Hochul’s administration has been working with legal experts to find a way to impose new restrictions that fit within the parameters of the ruling, she said. 

“I’m prepared to call the Legislature back into session to deal with this,” she said. “We’ve been in contact with leadership — we’re just looking at dates — but I will say, we are not powerless in this situation. We’re not going to cede our rights that easily, despite the best efforts of the politicized Supreme Court of the United States of America.” 

When the Constitution was ratified, Hochul noted, “the only weapons at the time were muskets.” 

“I don’t think they envisioned the high capacity assault weapon magazines intended for battlefields as being covered, but I guess we’re just going to have to disagree,” she said.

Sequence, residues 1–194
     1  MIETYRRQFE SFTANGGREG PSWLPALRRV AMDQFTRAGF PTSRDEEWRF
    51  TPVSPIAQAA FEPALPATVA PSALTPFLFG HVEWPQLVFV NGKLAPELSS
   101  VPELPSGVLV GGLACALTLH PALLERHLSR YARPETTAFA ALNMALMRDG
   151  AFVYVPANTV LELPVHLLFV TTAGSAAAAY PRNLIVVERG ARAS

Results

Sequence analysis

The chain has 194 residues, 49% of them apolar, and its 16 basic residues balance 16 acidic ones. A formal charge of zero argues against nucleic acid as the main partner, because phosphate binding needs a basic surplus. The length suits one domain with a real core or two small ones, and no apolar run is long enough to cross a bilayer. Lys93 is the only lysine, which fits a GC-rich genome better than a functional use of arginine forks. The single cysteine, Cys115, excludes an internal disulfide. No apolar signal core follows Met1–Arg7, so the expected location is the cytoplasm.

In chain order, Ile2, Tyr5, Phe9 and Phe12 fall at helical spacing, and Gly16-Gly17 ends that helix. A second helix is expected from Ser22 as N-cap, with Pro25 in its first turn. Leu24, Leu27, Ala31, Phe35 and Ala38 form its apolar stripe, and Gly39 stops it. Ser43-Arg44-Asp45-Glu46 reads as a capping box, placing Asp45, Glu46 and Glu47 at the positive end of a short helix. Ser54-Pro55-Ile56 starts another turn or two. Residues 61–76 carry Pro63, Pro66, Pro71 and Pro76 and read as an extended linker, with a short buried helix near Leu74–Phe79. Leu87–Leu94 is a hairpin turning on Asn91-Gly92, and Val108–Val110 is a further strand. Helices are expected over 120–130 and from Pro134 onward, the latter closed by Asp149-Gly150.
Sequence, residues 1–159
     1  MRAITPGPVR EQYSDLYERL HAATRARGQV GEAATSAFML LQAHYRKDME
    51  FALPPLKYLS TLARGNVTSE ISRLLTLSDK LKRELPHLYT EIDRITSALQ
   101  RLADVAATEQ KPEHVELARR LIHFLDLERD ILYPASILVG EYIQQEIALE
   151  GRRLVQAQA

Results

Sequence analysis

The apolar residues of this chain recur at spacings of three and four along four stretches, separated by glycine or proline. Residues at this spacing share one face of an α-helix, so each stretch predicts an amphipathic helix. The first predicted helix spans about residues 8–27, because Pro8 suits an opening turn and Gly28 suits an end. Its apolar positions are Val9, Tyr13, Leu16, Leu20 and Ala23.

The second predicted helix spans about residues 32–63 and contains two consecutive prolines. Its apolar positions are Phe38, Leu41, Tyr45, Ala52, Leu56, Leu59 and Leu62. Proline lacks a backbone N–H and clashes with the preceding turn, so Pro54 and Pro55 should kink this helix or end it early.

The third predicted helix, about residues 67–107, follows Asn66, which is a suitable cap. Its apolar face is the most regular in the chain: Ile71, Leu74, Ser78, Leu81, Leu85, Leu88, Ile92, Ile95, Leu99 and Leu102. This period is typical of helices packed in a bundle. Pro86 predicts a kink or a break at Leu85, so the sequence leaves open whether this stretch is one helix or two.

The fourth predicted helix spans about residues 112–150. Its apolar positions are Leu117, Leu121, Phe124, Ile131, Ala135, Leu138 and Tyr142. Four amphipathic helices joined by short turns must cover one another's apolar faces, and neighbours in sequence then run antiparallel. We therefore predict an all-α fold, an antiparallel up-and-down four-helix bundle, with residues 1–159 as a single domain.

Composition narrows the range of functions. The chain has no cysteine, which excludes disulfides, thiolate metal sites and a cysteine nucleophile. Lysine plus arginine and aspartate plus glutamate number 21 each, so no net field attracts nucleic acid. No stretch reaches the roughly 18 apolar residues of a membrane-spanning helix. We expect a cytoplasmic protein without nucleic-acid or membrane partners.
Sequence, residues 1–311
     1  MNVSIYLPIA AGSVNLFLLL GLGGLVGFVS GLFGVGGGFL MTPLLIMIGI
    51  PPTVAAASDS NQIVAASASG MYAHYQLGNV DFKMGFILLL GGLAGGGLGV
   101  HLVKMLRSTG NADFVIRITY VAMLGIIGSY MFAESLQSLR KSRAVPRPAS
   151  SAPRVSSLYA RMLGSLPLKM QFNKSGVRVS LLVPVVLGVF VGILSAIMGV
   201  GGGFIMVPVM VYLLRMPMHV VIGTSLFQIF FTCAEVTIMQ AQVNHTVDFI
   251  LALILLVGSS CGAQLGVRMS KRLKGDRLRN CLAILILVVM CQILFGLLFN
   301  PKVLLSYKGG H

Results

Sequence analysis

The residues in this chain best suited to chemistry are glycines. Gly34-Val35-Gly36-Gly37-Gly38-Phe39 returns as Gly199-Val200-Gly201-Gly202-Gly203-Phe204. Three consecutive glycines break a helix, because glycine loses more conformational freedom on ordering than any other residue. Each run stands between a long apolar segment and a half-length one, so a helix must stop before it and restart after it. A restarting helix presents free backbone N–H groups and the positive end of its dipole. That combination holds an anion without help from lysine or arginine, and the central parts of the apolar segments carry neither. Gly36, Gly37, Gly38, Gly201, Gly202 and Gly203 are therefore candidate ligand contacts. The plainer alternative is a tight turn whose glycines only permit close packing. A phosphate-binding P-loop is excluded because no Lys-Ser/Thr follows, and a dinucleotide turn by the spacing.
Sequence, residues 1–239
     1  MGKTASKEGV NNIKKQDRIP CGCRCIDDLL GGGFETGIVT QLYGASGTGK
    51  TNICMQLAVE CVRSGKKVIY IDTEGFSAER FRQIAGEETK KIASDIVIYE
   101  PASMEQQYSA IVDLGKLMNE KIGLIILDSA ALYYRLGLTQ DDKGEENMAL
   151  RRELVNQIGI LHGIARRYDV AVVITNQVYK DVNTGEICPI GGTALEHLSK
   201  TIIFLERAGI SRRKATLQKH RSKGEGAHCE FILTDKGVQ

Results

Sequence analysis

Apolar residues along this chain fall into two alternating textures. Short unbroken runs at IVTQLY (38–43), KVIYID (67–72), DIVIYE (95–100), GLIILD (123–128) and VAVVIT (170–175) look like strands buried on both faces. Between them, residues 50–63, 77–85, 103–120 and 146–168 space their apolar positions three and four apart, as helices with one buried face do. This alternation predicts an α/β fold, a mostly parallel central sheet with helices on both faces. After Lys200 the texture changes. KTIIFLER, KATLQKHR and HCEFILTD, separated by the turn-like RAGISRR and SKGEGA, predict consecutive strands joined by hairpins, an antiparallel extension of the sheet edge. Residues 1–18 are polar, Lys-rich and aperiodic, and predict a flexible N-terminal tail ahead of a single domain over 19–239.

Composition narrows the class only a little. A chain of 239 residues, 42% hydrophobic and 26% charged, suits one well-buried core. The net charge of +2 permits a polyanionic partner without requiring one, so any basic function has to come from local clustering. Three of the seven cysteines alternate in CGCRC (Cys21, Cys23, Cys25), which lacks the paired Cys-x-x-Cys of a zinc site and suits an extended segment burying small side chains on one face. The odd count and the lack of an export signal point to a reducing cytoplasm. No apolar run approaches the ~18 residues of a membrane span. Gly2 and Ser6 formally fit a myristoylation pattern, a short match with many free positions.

“This decision isn’t just reckless, it’s reprehensible,” she added. “It’s not what New Yorkers want, and we should have the right of determination of what we want to do in terms of our gun laws in our state.”

At his own news briefing Thursday afternoon, New York City Mayor Eric Adams said he was “hoping that the governor immediately calls lawmakers back to Albany.” 

“I have said and stated for some time now that the Supreme Court decision was keeping me up at night. It’s clearly reached the point where we won’t have any sleep,”  Adams said. “While we’re still analyzing the decision, we can say with certainty: this decision has made every single one of us less safe from gun violence.”

“We will work together to limit the risk this decision will create once it is implemented. And we cannot allow New York to become the Wild, Wild West. That is unacceptable,” he added. “We will not allow our city to live in fear that everyone around us is armed, and that any altercation could evolve into a shootout.”